There are downsides to this, I won't pretend they're not, but the practical answer is that if law-abiding citizens in the US were the problem, having 300 million guns among them it would be much more noticeable. The problems actually do emerge when weapons amplify the tragic effects of other things, and finding ways to prevent and/or minimize that is hard, but an area where we should be doing better with the tools we have but don't (as an example, the NICS system that should function for background checks is not integrated, is poorly ran and overseen, perpetually under-budget, and isn't easily accessible for private sales - the last one is particularly stupid). A fix there would be tremendously helpful. My answer to school shootings is to add school resource officers, but also enable teachers who voluntarily want to go through a LOT of extra training and screening to be able to extent their CCW permits to their shcools, but that's a small thing not really much of a fix in the big picture. The idea of gun-free zones is silly to me - to put it in MTB terms it's like posting signs and being shocked that bikers would poach trails - but instead of upstanding and overall moral human beings (I presume MTBers to be), we're talking about people already willing to murder others, so keeping law-abiding persons out feels particularly pointless.

Didn't get to ride, but did spend lots of time building racing drones (my other obsession that involves paying too much for nice carbon fiber things that I will subsequently ruin by smashing into things out of incompetence).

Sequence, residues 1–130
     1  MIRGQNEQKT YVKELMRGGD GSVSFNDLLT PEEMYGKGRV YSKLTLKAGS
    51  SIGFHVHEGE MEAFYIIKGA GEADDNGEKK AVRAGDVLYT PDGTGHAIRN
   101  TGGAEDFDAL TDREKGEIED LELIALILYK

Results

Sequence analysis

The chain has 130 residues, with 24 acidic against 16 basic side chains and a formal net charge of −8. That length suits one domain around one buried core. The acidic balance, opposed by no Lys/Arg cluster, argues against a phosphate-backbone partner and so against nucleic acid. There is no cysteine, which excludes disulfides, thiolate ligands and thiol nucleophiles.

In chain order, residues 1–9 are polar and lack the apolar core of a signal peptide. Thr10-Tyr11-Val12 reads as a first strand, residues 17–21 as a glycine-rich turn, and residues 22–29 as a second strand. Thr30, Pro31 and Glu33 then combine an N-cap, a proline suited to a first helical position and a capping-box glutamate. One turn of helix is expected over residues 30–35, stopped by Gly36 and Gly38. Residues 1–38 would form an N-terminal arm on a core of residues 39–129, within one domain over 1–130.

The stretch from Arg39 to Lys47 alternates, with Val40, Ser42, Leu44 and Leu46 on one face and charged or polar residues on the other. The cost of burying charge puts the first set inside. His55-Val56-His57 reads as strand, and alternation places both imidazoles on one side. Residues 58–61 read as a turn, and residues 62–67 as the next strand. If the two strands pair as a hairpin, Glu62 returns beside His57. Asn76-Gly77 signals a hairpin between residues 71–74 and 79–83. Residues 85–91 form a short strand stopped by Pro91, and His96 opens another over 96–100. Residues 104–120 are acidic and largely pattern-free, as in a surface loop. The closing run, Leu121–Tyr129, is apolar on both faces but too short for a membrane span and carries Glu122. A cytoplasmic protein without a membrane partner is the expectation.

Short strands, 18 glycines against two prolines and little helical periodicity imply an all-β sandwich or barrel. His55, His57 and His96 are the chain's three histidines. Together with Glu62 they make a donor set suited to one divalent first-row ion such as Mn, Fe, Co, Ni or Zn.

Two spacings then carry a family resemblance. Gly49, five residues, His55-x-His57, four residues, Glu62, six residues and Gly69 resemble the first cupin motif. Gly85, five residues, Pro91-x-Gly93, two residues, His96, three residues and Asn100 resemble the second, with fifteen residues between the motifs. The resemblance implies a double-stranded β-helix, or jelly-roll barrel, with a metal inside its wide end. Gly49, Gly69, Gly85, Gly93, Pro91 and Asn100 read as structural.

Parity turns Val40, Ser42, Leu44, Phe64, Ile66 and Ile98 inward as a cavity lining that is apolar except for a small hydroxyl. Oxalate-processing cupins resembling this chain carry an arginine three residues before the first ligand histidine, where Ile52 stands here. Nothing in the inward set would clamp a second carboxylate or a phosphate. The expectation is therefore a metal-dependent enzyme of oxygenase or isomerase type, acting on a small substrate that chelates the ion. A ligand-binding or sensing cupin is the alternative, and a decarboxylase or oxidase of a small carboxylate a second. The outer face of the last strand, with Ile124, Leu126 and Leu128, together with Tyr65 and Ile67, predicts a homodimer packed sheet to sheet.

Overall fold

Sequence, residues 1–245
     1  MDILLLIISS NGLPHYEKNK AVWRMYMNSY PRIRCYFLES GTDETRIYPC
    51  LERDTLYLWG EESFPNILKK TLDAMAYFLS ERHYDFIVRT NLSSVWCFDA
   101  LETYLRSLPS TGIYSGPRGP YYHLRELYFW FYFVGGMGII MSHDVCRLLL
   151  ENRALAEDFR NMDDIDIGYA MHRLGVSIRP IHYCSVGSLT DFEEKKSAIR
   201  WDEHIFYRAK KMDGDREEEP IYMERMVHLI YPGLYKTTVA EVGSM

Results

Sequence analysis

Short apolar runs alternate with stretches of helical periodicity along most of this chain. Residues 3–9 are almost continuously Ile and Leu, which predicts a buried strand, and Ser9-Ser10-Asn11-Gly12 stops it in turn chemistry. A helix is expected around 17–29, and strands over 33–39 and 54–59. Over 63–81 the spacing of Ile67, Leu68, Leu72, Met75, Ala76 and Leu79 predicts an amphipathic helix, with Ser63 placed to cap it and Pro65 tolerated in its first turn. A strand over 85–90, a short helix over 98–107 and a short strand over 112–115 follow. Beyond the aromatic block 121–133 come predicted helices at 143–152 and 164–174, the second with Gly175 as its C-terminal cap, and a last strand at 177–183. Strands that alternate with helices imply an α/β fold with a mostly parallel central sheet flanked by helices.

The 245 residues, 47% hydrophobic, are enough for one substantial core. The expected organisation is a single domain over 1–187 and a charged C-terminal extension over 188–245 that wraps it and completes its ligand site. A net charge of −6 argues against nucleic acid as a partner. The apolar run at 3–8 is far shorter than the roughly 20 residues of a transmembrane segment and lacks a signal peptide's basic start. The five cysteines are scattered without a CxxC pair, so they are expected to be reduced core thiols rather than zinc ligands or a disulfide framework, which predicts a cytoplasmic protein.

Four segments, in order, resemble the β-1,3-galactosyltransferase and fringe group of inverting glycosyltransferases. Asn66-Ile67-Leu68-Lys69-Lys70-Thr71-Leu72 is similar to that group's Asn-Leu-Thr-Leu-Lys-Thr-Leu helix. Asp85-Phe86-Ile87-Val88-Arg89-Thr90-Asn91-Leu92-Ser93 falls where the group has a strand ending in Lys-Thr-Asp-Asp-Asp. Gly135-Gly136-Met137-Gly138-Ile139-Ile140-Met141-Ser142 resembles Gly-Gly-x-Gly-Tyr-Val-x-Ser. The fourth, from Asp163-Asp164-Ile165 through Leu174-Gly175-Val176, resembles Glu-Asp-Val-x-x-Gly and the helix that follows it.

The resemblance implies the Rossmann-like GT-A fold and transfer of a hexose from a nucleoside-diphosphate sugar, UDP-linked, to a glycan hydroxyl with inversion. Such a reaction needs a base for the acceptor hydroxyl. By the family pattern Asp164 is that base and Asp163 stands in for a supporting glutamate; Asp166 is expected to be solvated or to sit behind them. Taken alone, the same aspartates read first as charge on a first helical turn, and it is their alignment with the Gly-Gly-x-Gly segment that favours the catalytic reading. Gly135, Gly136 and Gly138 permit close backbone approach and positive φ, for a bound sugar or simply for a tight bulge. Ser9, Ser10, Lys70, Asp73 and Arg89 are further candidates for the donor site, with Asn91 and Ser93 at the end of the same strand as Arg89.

As for eMTB's - as long as it doesn't create access issues, those things should be awesome... but as it stands right now they create access issues if allowed onto trails reserved for non-motorized transport. They could share trails with horses, and I live next to an awesome network of trails that are already moto-accessible, but would make an ideal location to ride eMTBs... I just want to take some of the electronic controllers from drones (really similar devices) and fix the overrun issues when you stop pedaling, and manage the specific battery usage through a better P-I-D controller to make it feel more like natural pedaling and compensate for a bike that is running beefy tires.

Feb. 24, 2018, 8:58 a.m.
Posts: 26
Joined: Feb. 24, 2017
Re: Bell, Giro and the AR-15

Posted by: Mic

Posted by: tehllama42

FWIW, this moved me towards purchasing stuff from them. A lot (staggering amounts of well heeled rednecks) of people will think similarly, but not many will go voice it on a Canadian biking forum.

So you think that it is ok for US primary school kids and teenagers to have to live in a country that is at times as dangerous when it comes to school shootings and/or rifle attacks as Afghanistan, Yemen and Pakistan?